Traveling with 'odd couple' Bono and O'Neill
Rock star, Treasury chief share thoughts on Africa trip
Editor's note: In our Behind the Scenes series, CNN correspondents share their experiences in covering news around the world.
ACCRA, Ghana (CNN) -- It's not easy to get from Atlanta, Georgia, to Accra, Ghana, in western Africa. The challenge is even stiffer when you need to pick up one of the biggest rock stars in the world and the U.S. Treasury secretary along the way.
Photographer Dan Young and I flew commercial to Dulles International Airport outside Washington, D.C. That's where we, along with producer Ted Winner, boarded a charter plane and headed overnight seven hours to Frankfurt.
Treasury Secretary Paul O'Neill was coming from a meeting of finance ministers in Bucharest, Romania.
U2's Bono was coming from a weekend-long bachelor party for "The Edge," the band's lead guitarist. That gathering was held in New York City. I guess Frankfurt was the easiest place to meet up.
The difference in their previous destinations tells you all you need to know about how different these two men are.
Yet, somehow, each gets where the other is coming from when it comes to helping the people of Africa.
Their mission is to draw attention to Africa's problems of poverty, disease and debt. O'Neill also has taken the position that increased aid must and should be accompanied by results.
As we flew over Spain, Bono and O'Neill sat down and gave me their first interview as a team. Just me, Bono and the Treasury secretary talking Africa 35,000 feet over the Rock of Gibraltar. Today, I love my job. Even if I'm not sure, with all the travel and time changes, exactly which day it is.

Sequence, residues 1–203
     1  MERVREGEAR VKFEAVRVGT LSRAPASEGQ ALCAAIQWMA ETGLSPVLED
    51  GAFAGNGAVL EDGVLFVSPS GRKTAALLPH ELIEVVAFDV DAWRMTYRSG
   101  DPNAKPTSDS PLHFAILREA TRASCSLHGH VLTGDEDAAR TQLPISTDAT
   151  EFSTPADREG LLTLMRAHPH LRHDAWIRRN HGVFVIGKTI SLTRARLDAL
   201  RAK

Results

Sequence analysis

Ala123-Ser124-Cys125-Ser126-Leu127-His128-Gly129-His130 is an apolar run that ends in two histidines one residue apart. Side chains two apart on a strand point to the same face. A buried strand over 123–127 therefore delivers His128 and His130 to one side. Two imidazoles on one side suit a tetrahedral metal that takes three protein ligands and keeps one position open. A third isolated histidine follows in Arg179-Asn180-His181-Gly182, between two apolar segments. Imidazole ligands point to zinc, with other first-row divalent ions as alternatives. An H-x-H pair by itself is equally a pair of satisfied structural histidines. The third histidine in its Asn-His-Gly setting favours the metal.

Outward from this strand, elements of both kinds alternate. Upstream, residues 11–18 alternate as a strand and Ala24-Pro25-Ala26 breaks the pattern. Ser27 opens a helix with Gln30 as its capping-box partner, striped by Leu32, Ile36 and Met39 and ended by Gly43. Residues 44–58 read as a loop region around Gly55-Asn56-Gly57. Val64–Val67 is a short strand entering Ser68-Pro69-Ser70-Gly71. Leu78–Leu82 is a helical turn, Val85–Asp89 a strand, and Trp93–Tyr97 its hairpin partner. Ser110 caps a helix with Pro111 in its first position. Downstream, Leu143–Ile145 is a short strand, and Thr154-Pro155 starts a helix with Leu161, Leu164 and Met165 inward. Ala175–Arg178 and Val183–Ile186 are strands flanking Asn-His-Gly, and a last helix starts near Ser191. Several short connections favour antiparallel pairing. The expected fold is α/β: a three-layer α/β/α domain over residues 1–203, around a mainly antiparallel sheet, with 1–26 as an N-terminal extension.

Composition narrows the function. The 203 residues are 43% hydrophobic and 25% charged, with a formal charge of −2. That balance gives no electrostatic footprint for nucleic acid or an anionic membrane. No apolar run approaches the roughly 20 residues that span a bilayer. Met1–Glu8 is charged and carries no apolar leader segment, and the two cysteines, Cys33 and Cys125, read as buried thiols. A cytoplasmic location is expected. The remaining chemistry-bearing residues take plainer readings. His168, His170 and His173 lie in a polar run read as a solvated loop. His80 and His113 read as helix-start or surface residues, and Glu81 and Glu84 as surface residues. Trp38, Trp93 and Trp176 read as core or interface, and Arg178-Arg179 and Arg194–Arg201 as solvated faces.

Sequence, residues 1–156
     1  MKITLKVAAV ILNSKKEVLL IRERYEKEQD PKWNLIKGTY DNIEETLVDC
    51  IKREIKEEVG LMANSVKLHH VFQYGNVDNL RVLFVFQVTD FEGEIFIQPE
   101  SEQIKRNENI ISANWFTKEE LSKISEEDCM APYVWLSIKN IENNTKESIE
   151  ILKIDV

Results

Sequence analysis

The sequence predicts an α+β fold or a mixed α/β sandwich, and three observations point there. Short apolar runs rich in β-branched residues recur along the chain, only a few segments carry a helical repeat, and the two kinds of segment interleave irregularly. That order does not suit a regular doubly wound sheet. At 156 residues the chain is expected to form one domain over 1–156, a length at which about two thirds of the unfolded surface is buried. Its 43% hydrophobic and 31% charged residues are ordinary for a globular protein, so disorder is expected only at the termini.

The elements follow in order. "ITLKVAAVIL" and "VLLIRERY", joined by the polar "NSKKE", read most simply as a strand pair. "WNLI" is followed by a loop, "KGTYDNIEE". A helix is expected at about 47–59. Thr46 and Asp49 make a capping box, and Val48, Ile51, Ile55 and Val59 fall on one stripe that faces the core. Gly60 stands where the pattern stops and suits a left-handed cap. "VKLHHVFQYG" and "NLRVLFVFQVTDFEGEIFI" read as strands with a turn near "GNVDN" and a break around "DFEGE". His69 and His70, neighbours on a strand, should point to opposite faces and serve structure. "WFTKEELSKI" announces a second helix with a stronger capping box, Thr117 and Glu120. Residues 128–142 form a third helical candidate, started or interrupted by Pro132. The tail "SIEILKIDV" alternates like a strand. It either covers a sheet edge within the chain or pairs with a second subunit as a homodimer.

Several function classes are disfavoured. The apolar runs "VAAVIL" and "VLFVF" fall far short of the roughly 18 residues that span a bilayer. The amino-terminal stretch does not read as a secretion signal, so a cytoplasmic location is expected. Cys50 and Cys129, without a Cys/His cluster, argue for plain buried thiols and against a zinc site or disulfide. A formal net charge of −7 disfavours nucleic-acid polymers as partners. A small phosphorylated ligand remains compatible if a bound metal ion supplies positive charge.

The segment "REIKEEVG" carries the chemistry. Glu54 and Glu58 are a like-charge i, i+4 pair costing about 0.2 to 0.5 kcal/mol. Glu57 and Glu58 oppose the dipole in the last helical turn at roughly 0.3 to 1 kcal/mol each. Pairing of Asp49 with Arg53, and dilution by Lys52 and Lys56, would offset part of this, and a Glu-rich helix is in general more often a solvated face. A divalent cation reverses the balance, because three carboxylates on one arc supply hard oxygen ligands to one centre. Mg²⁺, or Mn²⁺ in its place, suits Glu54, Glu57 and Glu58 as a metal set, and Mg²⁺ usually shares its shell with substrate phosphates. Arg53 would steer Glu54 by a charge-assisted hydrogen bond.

Each man shared some personal tidbits.
''Y'know, I'm not easy," Bono shared halfway through our chat. ''I'm a rock star. I'm not tidy and I stay up late.''
Most probably studying the issues we will face on this trip. O'Neill will be the first to tell you Bono has this stuff down cold.
As for the Treasury secretary, he admitted that no, he has never been to a U2 concert. But the man is already quoting the band's lyrics.
''I still haven't found what I'm looking for,'' the secretary said when talking about finding a solution for solving Africa's problems.
''But maybe we will on this trip. And that will be a 'Beautiful Day.'''
The next 10 days are going to be fascinating. I hope you take the trip with me here on CNN.com and on CNN.
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